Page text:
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THE COURIER/Photo by Melissa Chan
THE COURIER/Photo by Melissa Chan
Captain Tommy Ng is the newly assigned executive officer of the 109th Precinct.

The 109th Precinct has named a new second in command, hoping the executive’s bilingual skills and immigrant roots will give the downtown Flushing-based precinct a leg up.

Captain Tommy Ng, 41, was assigned as the new executive officer of the 109th Precinct this week, after Captain Christopher Manson, the precinct’s former second in charge, was transferred to the 114th Precinct in Astoria in a routine biennial switch.

Ng, who has over 15 years with the NYPD under his belt, spent the last two years at the 111th Precinct in Bayside.

The Brooklyn resident said he’s equipped to take on the predominantly Asian communities in his new patrol digs with his previous assignments working with large Asian populations, his fluency in Chinese and English and his firsthand experience as an immigrant.

“The 109th Precinct is very diverse,” said Ng, who was born and raised in Hong Kong and moved to the United States in 1988, when he was 16 years old. “My experience growing up in another country helps me to understand what an immigrant feels like.”

The former president of the NYPD’s Asian Jade Society began his career in law enforcement in Brooklyn and was promoted to captain in 2010. He is in charge of handling grand larceny cases, burglaries, accidents and assisting the precinct’s commanding officer, Deputy Inspector Brian Maguire.

One of his first main tasks, Ng said, is to make sure pedestrians in the main downtown area cross busy streets only when it is safe to do so.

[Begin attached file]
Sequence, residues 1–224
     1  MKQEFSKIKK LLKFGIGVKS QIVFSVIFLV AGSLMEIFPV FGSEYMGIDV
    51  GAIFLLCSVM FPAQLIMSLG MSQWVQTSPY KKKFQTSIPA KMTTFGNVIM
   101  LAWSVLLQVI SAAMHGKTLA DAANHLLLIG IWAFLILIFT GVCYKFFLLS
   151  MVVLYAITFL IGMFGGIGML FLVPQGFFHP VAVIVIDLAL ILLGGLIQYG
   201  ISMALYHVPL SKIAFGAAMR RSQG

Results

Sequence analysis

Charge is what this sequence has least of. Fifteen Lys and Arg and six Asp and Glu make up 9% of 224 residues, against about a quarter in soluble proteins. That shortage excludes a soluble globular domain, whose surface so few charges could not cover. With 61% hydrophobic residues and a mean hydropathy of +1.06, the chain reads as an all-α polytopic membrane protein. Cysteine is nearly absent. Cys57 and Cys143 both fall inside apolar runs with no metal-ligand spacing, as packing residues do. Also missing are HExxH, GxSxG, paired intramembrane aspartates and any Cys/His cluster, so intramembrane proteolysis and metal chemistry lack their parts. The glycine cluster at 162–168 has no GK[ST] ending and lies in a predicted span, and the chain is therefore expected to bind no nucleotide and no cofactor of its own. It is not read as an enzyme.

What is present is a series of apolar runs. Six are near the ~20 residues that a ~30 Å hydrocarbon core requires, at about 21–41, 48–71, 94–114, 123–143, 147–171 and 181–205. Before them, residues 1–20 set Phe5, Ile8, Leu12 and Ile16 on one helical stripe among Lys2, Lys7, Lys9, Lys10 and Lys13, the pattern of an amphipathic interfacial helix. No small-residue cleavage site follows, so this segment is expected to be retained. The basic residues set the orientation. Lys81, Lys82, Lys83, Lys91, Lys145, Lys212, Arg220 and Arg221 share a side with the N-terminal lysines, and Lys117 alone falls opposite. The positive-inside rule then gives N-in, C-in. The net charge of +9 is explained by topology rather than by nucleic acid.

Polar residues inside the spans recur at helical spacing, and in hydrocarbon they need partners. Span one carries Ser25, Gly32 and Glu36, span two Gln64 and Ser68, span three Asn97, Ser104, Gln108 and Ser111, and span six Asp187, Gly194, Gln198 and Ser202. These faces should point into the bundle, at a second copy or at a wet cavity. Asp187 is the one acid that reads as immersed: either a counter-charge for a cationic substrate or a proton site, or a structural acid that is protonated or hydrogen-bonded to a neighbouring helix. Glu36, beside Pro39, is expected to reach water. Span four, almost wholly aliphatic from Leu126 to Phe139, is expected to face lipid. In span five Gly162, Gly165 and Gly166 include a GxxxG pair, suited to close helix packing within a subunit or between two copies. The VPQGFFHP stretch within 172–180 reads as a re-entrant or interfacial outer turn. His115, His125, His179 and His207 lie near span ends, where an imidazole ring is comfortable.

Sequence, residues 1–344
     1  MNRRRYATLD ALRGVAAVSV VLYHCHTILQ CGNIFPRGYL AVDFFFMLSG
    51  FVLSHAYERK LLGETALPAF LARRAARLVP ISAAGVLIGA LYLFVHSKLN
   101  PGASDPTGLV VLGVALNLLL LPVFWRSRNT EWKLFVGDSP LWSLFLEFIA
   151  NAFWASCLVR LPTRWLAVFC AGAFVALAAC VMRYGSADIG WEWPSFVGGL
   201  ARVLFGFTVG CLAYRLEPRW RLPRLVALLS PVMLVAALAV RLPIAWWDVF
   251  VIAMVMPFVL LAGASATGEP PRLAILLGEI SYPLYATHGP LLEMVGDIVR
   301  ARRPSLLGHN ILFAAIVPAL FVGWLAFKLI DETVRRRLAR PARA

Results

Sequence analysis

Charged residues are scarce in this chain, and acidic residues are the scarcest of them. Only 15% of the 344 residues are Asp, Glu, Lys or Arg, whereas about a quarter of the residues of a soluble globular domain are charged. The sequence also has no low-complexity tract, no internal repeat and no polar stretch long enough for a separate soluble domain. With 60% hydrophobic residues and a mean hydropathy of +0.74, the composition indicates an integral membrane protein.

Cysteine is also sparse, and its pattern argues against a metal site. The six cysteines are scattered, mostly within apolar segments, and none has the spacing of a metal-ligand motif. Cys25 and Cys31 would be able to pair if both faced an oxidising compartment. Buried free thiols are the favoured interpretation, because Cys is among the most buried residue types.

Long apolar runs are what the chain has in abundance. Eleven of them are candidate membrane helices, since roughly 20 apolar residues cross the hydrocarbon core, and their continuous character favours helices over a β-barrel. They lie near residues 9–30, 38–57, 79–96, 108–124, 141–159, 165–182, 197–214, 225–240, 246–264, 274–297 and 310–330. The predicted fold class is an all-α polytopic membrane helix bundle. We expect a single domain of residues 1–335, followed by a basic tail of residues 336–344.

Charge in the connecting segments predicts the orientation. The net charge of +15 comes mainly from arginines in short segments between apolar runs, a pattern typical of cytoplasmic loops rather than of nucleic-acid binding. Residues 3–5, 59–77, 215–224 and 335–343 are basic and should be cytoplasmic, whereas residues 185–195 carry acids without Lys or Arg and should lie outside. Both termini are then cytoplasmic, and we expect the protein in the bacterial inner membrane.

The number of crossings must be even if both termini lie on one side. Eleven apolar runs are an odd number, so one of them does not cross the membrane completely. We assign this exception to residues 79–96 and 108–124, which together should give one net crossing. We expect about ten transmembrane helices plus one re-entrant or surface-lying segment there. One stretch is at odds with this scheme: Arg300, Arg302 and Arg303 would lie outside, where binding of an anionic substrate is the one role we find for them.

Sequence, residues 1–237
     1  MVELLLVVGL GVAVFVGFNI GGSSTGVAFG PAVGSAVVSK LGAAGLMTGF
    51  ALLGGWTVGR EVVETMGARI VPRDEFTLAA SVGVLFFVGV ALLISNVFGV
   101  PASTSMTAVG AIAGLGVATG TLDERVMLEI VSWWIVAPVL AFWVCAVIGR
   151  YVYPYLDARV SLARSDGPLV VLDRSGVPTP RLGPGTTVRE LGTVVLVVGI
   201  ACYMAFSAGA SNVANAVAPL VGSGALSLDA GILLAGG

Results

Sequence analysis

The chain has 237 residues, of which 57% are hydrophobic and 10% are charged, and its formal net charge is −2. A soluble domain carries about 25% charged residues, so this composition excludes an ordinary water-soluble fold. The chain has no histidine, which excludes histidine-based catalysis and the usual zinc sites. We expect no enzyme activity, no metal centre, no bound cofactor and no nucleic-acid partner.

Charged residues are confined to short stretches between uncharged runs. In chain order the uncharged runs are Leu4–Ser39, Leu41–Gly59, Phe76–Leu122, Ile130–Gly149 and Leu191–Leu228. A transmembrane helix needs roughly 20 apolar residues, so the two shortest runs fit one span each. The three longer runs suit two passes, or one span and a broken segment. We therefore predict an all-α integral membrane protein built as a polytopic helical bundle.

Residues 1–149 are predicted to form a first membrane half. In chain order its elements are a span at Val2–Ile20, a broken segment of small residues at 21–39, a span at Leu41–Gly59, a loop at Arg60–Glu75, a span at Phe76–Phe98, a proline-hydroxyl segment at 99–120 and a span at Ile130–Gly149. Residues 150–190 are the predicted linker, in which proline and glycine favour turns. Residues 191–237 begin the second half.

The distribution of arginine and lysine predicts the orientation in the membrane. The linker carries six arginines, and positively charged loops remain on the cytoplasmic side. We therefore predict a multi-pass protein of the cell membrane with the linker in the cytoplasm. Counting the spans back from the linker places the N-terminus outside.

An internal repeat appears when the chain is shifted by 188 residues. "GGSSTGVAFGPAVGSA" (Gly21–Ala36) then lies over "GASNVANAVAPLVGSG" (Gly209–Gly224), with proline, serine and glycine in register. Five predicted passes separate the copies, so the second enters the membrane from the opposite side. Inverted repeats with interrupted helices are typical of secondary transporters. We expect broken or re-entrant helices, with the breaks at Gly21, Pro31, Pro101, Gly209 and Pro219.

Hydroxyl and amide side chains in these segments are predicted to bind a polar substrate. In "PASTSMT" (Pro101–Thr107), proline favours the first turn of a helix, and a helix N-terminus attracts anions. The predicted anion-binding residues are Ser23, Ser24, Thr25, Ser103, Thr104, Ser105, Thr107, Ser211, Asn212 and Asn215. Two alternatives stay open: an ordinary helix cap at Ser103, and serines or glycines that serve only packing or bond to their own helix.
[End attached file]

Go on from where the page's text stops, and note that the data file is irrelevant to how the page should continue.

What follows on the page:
“A lot of work needs to be done in educating people on looking at the lights and not running in front of cars,” said Ng, who added that many people have been struck while jetting in front of moving vehicles. “People just have to be careful of their surroundings, especially in the downtown Flushing area, where there are a lot of car accidents.”

Officers of the 109th Precinct are also warning seniors not to fall for common con games — which are heavily circulated in China and Hong Kong and now within the confines of the precinct — that target the elderly. Some unsuspecting seniors, officials said, have lost from $7,000 to $100,000 after giving money to strangers who claim forking over the cash would ward off evil spirits. Crime prevention officers at the precinct urge victims to contact 9-1-1 as soon as they come in contact with the perps, who vary in gender and age.


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